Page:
What the Government Health Agency (GHA) would look like - if you follow the Daschle plan - is a committee formed of various doctor representatives, nurse representatives, some insurance representatives, patient advocacy representatives, and some others. How these will be selected is probably the same way the Fed is - the President appoints someone, Congress approves, and off we go.

The GHA would look at the various diseases and treatments out there, then say "OK - if you're a health insurance company, by law you have to provide these minimum things. Like, check ups every six months with tests A, B, C. If someone gets leukemia, you have to pay for X percent of bone marrow transplants. You must provide contraceptives for women as part of the package. So on and so forth."

Now, if a health insurance company wanted to offer *more* than the minimum government mandates amount, great! It's like how some states require car insurance if you drive - they have to offer at least a minimum coverage amount, but then insurance companies compete over who can offer more coverage and what kinds at the cheapest price.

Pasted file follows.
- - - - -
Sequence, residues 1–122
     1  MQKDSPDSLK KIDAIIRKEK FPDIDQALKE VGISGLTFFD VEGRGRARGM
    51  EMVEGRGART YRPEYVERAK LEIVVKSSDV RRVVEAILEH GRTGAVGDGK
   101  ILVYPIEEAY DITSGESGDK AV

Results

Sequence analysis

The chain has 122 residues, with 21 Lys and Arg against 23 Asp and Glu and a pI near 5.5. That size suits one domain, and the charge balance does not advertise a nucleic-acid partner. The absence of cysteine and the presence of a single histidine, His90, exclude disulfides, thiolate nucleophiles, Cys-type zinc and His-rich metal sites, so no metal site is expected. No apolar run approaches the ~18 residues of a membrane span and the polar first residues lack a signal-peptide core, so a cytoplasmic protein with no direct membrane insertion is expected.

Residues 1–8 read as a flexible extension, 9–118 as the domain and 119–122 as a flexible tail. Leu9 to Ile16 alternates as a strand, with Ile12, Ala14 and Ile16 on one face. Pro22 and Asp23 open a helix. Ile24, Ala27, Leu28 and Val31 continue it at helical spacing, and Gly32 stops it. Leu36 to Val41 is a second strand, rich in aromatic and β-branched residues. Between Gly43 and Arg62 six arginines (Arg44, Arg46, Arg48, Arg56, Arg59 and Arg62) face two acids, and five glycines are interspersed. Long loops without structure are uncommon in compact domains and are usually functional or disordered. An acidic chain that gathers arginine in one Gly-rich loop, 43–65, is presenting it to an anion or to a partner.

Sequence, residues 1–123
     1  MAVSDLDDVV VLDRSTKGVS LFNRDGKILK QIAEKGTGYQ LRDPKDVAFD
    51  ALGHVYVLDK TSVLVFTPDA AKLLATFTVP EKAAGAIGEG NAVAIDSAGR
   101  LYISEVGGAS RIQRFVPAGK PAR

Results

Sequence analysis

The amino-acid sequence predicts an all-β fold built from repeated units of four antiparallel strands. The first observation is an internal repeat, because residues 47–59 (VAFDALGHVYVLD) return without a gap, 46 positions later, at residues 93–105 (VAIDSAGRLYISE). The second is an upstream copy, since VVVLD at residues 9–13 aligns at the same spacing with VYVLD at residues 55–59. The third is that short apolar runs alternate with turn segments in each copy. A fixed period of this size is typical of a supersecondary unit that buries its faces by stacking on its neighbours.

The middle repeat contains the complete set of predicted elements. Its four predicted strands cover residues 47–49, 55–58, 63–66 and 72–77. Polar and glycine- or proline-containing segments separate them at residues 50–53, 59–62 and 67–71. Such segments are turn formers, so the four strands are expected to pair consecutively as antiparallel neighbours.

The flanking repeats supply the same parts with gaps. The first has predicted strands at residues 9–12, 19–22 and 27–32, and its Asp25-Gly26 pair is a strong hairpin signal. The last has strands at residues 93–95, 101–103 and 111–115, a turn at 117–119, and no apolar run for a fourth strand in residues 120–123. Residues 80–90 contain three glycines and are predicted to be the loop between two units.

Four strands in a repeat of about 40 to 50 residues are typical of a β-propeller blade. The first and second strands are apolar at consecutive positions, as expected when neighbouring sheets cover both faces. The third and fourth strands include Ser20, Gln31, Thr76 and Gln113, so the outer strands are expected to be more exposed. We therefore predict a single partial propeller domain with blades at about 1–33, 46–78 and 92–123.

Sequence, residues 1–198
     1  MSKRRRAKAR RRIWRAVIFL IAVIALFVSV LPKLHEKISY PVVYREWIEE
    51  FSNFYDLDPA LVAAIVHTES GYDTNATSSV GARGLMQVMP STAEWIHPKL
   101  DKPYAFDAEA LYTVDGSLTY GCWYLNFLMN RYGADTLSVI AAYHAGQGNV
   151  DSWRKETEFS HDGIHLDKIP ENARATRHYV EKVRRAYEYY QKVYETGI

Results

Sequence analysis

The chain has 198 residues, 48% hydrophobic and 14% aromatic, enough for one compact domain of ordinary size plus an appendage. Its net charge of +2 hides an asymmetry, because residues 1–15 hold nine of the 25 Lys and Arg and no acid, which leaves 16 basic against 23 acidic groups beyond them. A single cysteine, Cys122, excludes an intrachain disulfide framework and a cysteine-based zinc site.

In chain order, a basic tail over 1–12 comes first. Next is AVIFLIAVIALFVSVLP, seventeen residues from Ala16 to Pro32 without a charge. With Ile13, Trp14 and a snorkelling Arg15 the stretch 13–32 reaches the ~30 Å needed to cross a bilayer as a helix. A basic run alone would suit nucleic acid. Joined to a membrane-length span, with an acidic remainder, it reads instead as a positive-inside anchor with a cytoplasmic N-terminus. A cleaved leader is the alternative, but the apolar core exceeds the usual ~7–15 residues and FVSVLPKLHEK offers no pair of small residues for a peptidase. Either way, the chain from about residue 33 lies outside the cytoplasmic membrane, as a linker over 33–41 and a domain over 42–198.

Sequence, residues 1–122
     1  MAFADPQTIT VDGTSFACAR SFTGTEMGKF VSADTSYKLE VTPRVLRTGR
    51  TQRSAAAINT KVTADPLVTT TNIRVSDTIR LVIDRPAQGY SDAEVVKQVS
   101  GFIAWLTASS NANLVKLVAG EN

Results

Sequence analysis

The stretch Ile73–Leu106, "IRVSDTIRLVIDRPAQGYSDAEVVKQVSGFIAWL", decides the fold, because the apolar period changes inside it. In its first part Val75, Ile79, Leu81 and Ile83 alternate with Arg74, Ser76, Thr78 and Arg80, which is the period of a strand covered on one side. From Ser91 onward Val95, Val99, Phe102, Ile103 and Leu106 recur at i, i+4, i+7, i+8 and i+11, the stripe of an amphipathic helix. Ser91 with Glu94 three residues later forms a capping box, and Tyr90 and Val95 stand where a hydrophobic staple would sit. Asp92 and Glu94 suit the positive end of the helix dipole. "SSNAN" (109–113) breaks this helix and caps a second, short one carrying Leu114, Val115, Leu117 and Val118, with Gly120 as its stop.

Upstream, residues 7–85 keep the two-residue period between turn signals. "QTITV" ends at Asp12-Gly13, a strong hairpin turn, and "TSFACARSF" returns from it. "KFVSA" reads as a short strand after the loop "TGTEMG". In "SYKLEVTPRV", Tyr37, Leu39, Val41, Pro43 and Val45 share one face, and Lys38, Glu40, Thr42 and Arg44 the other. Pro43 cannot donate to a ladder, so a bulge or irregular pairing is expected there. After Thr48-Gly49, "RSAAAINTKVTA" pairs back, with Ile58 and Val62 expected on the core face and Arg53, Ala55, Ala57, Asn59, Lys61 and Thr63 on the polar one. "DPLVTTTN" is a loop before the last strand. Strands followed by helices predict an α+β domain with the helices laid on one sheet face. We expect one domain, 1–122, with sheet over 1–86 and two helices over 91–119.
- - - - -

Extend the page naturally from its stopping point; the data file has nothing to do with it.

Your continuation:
This makes sure that everyone, even the people who get the cheapest health insurance, at least gets certain minimum of care. Highest on my list would be preventative measures, like checkups every six months with tests like mammograms for women, prostate checks for men - simple things that can detect diseases far before they get into trouble.

Now, with that, there will have to be minimum standards for the patients as well. If you don't get your checkups every six months or so, or don't show up for your tests - you can't complain if you get sick. Now, if you do the things you're asked to do - within reason, of course - and you get sick anyway, then the insurance company has to cover what they contracted to.

This does two things:

1. Makes sure people are getting preventative care which reduces costs for health insurance companies and the patients.

2. Makes sure insurance companies don't go broke when people people get sick, because they'll be catching diseases at the earliest, most preventable state. And, if they're really smart, they'll encourage patients to do things like lose excess weight, watch their diet, so on and so forth.